Tag Archives: sewing

Taking Things Apart

One thing you can always count on if you sew, knit, crochet, whatever. You’re going to have to take things apart. You’ll rip out seams and stitches – rippit rippit rippit.

I learned how to sew when I was in junior high school. Girls were required to take two semesters of “home economics.” One semester was sewing, the other was cooking. I actually retained some of the sewing. Probably because my mom sewed and let me use her machine when I wanted to make something. I remember a pair of bell-bottom pants I made with a crazy paisley border print. Yeah, cutting edge fashion, baby. 1970.

After all the time between then and a few years ago, when I got my own sewing machine, I decided to start making some of my own clothes for work. I’m a little out of practice.

Last summer I cut out a pants pattern for some simple pull-on cotton pants in a gray print and a khaki color. I figured I’d cut them to the largest size given since I was gaining weight at that point. Yesterday, I finally got around to starting to put one pair together.

Then I had to take everything apart again because the pants would be way too big. WAY too big. Oh, yeah. I lost the weight I gained last summer. In a way, I guess I was anticipating having to rip all those seams out. I didn’t do any fancy back-stitching at the ends of the seams to prevent them from loosening.

It’s a pain in the ass, though, because I was to the point of “finishing” the pants with the waistband and hems. And now I’m starting over. Including having to go back to the pattern to trim off some more fabric — in the right places — to make everything fit.

That’s life, too, it seems. So many times I thought I’d set my feet on a path I could follow indefinitely, only to find that I was going the wrong way or for some other reason had to retrace my steps or take an indefinite detour. I’ve had to do that a lot.

Maybe I’m not so out of practice at this sewing stuff as I thought.

On finishing things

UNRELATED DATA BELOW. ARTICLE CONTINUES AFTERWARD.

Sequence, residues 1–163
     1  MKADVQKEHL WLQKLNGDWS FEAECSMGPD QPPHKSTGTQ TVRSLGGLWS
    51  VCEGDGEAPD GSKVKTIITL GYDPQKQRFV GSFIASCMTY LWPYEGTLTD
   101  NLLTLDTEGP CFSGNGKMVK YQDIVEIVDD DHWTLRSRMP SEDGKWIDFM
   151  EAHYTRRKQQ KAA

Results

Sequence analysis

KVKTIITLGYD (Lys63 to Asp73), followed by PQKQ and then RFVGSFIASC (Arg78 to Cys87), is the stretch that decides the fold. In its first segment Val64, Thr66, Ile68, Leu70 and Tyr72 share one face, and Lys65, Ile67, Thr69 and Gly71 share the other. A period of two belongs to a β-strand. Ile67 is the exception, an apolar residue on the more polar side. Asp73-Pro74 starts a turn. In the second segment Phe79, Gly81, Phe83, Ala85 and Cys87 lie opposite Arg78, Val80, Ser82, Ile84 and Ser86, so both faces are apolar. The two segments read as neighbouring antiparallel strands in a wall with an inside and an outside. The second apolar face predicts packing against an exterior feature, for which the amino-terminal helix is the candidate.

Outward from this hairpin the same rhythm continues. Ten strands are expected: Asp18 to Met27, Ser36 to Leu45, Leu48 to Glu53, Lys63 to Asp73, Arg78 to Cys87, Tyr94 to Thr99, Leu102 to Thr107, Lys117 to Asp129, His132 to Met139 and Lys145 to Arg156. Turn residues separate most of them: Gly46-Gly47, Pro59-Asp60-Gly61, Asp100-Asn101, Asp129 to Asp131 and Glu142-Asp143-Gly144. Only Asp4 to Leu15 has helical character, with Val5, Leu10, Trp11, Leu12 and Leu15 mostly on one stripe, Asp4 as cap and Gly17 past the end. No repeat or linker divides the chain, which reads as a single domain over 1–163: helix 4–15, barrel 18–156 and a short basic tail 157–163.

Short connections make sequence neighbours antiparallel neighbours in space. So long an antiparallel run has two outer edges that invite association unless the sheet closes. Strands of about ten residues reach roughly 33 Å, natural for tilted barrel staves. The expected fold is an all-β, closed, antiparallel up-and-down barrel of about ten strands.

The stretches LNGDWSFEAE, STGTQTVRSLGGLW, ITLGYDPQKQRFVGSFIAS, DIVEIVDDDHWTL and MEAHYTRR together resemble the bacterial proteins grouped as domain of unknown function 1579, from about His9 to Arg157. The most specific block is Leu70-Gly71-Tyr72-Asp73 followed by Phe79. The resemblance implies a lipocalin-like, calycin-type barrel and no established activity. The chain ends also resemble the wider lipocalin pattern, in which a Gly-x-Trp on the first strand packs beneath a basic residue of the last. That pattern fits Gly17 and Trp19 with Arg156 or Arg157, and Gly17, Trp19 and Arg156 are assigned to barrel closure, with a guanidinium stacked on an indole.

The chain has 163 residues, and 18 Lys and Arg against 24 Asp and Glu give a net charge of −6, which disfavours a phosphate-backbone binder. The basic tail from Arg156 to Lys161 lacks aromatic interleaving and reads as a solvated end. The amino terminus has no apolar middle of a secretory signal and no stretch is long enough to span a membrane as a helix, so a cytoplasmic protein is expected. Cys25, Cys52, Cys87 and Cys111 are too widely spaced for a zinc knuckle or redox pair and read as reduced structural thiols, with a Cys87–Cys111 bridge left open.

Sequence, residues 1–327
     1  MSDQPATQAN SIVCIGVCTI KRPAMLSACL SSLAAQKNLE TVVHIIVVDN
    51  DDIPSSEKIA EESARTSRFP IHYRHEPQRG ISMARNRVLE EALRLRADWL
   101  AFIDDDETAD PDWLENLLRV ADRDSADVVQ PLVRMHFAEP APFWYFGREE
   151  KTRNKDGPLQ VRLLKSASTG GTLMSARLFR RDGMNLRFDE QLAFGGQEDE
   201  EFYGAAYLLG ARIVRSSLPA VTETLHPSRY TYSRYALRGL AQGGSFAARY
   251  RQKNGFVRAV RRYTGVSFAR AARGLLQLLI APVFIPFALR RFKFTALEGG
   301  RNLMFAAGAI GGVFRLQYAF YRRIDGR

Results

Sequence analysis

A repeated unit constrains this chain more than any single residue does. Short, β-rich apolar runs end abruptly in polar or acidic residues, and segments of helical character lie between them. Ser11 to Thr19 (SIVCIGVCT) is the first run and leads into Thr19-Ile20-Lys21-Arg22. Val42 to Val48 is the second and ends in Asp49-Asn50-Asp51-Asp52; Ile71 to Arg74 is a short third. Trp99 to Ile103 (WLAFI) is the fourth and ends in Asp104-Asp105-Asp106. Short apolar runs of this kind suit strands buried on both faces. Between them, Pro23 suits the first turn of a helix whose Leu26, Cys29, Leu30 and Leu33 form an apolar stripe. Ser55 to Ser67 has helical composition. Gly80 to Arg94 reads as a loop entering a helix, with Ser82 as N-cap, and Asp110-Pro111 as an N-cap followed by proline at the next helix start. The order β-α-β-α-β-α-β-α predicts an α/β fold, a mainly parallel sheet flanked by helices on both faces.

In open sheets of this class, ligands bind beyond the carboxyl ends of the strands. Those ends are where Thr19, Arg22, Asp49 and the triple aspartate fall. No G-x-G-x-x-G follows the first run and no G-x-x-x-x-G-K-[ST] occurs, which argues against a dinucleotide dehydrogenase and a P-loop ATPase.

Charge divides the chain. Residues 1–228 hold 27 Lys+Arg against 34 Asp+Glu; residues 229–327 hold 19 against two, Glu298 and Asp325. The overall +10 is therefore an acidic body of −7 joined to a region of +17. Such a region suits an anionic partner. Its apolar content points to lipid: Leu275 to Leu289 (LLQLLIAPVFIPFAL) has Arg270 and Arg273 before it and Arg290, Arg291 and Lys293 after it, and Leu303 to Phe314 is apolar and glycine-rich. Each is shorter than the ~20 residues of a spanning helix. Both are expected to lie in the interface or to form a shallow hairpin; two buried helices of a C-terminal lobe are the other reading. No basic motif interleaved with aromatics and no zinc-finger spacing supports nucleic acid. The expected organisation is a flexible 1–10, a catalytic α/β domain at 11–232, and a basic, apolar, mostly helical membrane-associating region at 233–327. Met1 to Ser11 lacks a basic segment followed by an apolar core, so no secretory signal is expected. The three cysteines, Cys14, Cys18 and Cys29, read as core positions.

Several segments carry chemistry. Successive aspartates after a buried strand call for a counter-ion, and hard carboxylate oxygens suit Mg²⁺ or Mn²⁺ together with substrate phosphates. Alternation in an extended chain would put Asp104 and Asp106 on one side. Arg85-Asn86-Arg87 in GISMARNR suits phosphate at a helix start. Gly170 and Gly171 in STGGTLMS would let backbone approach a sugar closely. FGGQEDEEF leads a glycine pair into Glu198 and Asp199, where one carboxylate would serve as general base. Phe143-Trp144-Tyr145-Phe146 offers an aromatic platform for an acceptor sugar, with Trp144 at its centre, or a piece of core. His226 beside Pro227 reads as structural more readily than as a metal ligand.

My first quilt -- called Gabbro


I got the idea for this quilt months and months ago. I had all these smallish pieces of fabric, because I have a friend who likes to hang out in fabric stores. Being one of those people who is attracted to bright or shiny things, I invariably ended up buying a handful of “fat quarters” or other pieces less than a yard. They were always in some random kind of pattern or batik that suggested water, or clouds, or sedimentary rocks, or some other bizarre thing. But I didn’t know what I would ever do with them.

Until I saw this picture when I Googled “gabbro” to find out what kind of rock it is. 

Microscope slice of gabbro

I found the picture on a site with other pictures of “Rocks under the microscope.” Gabbro is an igneous rock made up of chunks of different minerals — not always the same ones. It’s a hodge-podge. I like hodge-podges. I like the opportunity to use the word hodge-podge in a sentence, or three.

I thought “Ah ha!” That would make a cool quilt. (Now let me issue a disclaimer, here: I am not a quilter — have never read a book, even though I own one, or taken a class in how to make a quilt. I know how to use a sewing machine. That’s it.) With my typical “Damn the procedure and full steam ahead” mindset, I found a piece of fabric that I could use as the ground matrix — that’s the darker gray stuff — and started planning out how I would assemble the jigsaw puzzle of all the various fabric “minerals.” What held me up for all those months was how was I going to patch together a bunch of odd-shaped pieces and keep them from unraveling around the edges, and then attach them to the back?